Chapter

State formation and international behaviour

Raymond Hinnebusch

in The International Politics of the Middle East

Published by Manchester University Press

Published in print April 2003 | ISBN: 9780719053450
Published online July 2012 | e-ISBN: 9781781700204 | DOI: http://dx.doi.org/10.7228/manchester/9780719053450.003.0004
State formation and international behaviour

Show Summary Details

Preview

State-building is the effort of rulers to institutionalise state structures capable of absorbing expanding political mobilisation and controlling territory corresponding to an identity community. In the Middle East, the flaws built into the process from its origins have afflicted the states with enduring legitimacy deficits. This chapter argues that several aspects of state formation are pivotal in determining the international behaviour of states and explaining variations in their foreign policies. Imperialism literally constructed the system and its state components. Later, two trans-state forces rooted in persisting suprastate identity—first Pan-Arabism and then radical Islam—stimulated the state formation needed to bring their subversive potential under control. Later yet, war motivated and legitimised state-formation advances. Most recently, globalisation is threatening to turn regional states from buffers against external intrusion into transmission belts of it.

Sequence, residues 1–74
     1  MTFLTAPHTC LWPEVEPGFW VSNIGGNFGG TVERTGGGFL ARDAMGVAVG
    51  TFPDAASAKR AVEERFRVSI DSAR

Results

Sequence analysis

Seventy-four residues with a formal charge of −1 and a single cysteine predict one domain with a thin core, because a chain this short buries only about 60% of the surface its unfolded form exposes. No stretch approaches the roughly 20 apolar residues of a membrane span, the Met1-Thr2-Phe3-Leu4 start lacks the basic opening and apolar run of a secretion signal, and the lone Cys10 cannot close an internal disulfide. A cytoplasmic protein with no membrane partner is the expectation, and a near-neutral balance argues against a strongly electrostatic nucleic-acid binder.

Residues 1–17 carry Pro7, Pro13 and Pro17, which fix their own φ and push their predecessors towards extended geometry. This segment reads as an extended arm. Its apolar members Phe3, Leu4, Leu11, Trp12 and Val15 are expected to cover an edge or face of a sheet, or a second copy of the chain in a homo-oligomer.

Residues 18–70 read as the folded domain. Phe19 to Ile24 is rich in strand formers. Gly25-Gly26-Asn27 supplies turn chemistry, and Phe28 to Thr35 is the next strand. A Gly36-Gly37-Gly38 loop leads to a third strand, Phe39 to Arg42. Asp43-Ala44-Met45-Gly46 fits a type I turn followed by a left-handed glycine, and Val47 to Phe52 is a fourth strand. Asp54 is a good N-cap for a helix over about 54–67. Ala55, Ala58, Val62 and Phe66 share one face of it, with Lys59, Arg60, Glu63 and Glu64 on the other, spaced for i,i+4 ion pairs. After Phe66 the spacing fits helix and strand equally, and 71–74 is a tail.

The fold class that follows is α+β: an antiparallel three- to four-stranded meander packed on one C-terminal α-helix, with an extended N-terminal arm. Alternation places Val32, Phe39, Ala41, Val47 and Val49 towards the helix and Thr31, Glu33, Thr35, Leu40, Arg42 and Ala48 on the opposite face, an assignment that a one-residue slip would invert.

Keywords: state-building; Middle East; legitimacy deficits; foreign policy; imperialism; Islam; Pan-Arabism; globalisation

Chapter.  6317 words. 

Subjects: International Relations

Full text: subscription required

How to subscribe Recommend to my Librarian

Users without a subscription are not able to see the full content. Please, subscribe or login to access all content.